Thursday, January 01, 2009

China to ease price control on fertilizer

China is planning to speed up reform of its fertilizer pricing mechanism by letting market forces determine prices at an appropriate time, while scrapping temporary price controls imposed on fertilizers, the State Council, or China's Cabinet, announced at a meeting on Dec 24.

But the government will still retain a "certain" degree of price controls on potash, of which China is a major importer, the State Council said.

The government will allow all types of investors to invest in the fertilizer circulation sector and will also strengthen the export management system and fertilizer reserve mechanism.

Fertilizer prices have long been under government regulation, which set ceilings on factory prices, aiming to ensure supply and lighten burdens on farmers.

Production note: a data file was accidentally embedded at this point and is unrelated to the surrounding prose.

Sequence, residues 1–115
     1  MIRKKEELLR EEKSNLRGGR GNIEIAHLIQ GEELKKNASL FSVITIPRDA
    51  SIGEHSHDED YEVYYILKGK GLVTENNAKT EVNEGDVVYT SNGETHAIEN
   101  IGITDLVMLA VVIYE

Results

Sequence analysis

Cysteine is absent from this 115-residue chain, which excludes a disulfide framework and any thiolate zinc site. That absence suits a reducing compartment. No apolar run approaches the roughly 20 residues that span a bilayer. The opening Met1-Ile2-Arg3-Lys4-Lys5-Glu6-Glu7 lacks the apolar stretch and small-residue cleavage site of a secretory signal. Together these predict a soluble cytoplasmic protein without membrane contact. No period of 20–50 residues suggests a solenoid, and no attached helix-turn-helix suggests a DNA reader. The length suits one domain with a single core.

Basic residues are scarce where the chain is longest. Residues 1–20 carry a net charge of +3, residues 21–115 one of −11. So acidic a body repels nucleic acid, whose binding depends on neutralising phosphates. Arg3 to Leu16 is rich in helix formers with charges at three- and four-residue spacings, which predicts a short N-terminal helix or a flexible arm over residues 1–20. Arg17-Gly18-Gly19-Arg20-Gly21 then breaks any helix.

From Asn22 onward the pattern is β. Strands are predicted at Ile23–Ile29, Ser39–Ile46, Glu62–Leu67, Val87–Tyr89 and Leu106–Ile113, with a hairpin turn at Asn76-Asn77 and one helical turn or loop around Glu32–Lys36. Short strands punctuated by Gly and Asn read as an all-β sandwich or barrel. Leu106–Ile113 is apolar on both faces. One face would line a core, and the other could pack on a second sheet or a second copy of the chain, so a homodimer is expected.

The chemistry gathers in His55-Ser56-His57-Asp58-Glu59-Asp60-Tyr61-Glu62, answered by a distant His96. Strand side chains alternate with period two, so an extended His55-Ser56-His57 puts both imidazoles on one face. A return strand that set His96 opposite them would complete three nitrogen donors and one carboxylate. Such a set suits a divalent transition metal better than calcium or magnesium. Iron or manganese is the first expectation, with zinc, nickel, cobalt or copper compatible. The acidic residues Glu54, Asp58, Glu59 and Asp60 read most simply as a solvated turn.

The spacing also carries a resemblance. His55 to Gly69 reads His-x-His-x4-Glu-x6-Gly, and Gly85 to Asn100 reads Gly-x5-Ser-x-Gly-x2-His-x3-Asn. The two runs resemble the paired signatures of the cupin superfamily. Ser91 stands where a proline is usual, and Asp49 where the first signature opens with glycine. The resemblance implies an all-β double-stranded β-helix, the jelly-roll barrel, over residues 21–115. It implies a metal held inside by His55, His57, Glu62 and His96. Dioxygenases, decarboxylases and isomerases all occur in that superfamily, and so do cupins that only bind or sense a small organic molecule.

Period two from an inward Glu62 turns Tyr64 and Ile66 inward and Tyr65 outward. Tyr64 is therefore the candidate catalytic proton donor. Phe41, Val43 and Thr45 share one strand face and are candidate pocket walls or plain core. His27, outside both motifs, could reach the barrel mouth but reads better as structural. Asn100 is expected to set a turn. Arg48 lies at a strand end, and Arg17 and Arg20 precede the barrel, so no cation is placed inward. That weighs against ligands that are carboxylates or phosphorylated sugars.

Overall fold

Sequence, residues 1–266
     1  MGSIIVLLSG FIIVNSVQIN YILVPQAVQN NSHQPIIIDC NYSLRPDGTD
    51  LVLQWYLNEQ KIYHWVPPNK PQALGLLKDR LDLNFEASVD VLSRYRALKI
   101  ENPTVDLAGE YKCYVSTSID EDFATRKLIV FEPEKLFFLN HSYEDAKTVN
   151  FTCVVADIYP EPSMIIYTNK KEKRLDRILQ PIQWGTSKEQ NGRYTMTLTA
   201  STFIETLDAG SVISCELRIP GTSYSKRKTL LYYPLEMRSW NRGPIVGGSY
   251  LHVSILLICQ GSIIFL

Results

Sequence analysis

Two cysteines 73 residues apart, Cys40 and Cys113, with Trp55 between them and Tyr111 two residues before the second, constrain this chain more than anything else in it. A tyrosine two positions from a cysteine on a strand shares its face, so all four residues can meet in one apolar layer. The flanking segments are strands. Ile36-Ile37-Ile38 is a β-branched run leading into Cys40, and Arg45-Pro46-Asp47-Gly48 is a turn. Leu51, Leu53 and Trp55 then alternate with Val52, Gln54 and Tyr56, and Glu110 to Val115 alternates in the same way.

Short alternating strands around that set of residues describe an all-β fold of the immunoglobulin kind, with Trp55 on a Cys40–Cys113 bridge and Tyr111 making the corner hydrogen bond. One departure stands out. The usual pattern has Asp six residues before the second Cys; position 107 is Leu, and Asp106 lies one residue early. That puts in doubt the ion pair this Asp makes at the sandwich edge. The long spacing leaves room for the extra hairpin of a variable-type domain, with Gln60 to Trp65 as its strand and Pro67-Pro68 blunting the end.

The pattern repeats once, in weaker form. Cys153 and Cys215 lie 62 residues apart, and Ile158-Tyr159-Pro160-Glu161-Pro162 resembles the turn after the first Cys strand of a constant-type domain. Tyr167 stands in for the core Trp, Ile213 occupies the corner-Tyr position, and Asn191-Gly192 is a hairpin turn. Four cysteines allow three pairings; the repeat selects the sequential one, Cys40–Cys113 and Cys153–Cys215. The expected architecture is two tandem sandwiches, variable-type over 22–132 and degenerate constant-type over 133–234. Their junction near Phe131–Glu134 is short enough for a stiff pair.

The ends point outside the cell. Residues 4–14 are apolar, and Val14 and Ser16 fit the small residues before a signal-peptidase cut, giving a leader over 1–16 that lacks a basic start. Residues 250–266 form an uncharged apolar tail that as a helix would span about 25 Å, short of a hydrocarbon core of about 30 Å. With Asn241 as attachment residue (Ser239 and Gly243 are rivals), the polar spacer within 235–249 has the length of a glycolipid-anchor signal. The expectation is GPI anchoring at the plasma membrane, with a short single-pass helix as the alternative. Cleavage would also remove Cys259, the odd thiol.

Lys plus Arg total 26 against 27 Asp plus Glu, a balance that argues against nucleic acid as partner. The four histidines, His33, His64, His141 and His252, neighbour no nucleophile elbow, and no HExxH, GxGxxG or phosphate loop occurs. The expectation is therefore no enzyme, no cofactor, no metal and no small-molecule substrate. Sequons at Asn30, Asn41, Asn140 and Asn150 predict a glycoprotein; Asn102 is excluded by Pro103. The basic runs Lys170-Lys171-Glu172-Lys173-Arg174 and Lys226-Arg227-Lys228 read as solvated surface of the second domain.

"Price intervening is unnecessary under the current situation," Li Guoxiang, a researcher at the Chinese Academy of Social Science, told China Business News.

The global financial crisis has dragged down prices of some major raw materials used in the fertilizer industry, making factory prices at some producers already lower than government-set prices.

The price of American diammonium phosphate has shrunk 40 percent from the beginning of 2008. Sulphuric acid prices in November dropped 24.1 percent from October, and 33 percent from the same month in 2007, according to the Ministry of Commerce.

"Fertilizer producers may not benefit from the policy in the short run," said Li. "But it would help for the price leverage to take effect."

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